Silvina Pugliese, M.D., is a Clinical Assistant Professor of Dermatology and Attending Physician at the Stanford Medicine Outpatient Center and Stanford Cancer Institute. She attended medical school at Boston University and completed her residency at Loma Linda, serving as Chief Resident in her final year. Dr. Pugliese practices Supportive Dermato-Oncology (SDO) at the Stanford main campus and also launched the South Bay Cancer Center's SDO Clinic in 2015. She is interested in the management of cutaneous complications associated with chemotherapy, radiation therapy, organ transplantation, and their impact on patient quality of life.

Clinical Focus

  • Cancer > Cutaneous (Dermatologic) Oncology
  • Dermatology

Academic Appointments

Honors & Awards

  • Peter E. Pochi Award for Excellent in Dermatology, Boston University School of Medicine (2010)
  • Mentorship Award, Women’s Dermatologic Society (2013)

Professional Education

  • Board Certification: Dermatology, American Board of Dermatology (2014)
  • Internship:Stanford University
  • Residency:Loma Linda University
  • Medical Education:Boston University School of Medicine (2010)


All Publications

  • Cutaneous Complications of Targeted Melanoma Therapy. Current treatment options in oncology de Golian, E., Kwong, B. Y., Swetter, S. M., Pugliese, S. B. 2016; 17 (11): 57-?


    The landscape of advanced and metastatic melanoma therapy has shifted dramatically in recent years. Since 2011, eight drugs (ipilimumab, vemurafenib, dabrafenib, trametinib, cometinib, pembrolizumab, nivolumab, and talimogene laherparepvec) have received FDA approval for the treatment of advanced or metastatic melanoma, including combination regimens of both small molecule kinase and immune checkpoint inhibitors. These therapies have revolutionized the management of unresectable regional nodal and distant melanoma, providing hope of extended survival to patients. As the use of novel agents has increased, so have the cutaneous toxicities associated with these medications. While most skin reactions are low-grade and can be managed conservatively with topical therapies, malignant lesions and more serious or life-threatening drug reactions can arise during therapy, requiring prompt dermatologic recognition and treatment in order to improve patient outcome. Given the survival benefit attributed to these new agents, treating skin toxicity and maintaining patient quality of life is of paramount importance. Oncologists should be aware of the common cutaneous toxicities associated with these medications and should be encouraged to involve dermatologists in the collaborative care of advanced melanoma patients. Close communication between oncologists and dermatologists can help to avoid unnecessary dose reduction or treatment discontinuation and identify situations when treatment cessation is truly warranted.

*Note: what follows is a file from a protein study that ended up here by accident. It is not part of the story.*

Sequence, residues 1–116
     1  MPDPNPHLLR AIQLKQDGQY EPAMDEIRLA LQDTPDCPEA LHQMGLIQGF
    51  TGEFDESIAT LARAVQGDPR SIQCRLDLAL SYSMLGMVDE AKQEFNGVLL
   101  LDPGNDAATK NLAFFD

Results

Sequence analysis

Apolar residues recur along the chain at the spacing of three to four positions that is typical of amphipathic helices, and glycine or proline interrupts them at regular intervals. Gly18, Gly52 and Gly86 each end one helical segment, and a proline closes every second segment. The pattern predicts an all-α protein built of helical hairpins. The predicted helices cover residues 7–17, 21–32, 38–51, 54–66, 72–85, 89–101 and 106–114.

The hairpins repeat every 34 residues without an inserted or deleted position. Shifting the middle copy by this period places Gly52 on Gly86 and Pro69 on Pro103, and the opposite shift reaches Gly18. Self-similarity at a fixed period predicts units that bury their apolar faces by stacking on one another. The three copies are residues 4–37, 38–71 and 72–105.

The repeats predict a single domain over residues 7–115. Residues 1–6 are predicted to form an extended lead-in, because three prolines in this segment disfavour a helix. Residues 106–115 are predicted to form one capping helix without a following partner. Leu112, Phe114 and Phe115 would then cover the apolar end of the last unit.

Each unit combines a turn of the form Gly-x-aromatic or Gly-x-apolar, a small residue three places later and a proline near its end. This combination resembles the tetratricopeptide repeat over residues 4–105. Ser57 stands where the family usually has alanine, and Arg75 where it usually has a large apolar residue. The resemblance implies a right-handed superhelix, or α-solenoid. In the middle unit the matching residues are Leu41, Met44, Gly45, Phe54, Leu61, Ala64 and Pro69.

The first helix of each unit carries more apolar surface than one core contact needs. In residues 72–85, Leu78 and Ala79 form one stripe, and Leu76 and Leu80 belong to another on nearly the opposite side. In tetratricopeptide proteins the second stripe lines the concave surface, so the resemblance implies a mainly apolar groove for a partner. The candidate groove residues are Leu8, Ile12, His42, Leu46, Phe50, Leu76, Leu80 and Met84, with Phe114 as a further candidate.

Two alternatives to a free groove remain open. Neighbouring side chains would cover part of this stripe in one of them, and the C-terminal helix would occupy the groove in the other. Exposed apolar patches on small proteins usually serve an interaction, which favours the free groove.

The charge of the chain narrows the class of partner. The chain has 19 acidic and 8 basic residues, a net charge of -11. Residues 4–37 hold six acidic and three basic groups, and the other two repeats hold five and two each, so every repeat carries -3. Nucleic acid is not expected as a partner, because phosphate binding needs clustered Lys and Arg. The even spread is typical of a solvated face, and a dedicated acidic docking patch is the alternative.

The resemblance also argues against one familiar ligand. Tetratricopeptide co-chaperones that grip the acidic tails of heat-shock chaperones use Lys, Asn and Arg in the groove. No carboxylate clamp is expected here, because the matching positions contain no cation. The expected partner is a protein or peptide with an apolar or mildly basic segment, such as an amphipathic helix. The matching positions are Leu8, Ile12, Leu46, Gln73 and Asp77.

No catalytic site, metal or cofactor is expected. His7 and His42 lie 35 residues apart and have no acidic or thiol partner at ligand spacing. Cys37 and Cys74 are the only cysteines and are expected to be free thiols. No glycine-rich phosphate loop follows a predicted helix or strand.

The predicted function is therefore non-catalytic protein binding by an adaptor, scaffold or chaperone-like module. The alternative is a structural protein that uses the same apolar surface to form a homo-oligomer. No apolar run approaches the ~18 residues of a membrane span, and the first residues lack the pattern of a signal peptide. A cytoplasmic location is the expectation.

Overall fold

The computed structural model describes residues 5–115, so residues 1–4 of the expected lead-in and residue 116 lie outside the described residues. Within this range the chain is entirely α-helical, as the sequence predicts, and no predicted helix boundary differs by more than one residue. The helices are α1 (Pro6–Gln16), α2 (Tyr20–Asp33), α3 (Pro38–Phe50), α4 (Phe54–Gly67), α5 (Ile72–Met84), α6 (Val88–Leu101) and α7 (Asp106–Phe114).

View details for DOI 10.1007/s11864-016-0434-0

    View details for PubMedID 27645330

  • Management of Dermatologic Complications of Lung Cancer Therapies. Current treatment options in oncology Pugliese, S. B., Neal, J. W., Kwong, B. Y. 2015; 16 (10): 50-?


    In recent years, oncogene-directed targeted agents and immunotherapies have expanded the treatment armamentarium for advanced lung cancer and, in particular, non-small cell lung cancer (NSCLC). Along with extended survival, these agents are accompanied by a host of cutaneous complications that affect the skin, hair, and nails. These skin complications range from the well-characterized papulopustular (acneiform) eruption of the epidermal growth factor receptor (EGFR) inhibitors to the emerging characterization of lichenoid skin eruptions seen during treatment with antibodies targeting the programmed cell death protein 1 (PD-1) and programmed cell death protein 1 ligand (PD-L1). When promptly recognized and accurately diagnosed, most cutaneous adverse events can be managed with supportive treatments, avoiding the need to interrupt antitumor therapy. Furthermore, preemptive management of skin problems can lead to significantly decreased severity of many cutaneous complications of these therapies. We encourage close collaboration between dermatologists and oncologists to better characterize cutaneous toxicity, select appropriate management, and avoid unnecessary dose reduction or discontinuation while simultaneously improving patient quality of life.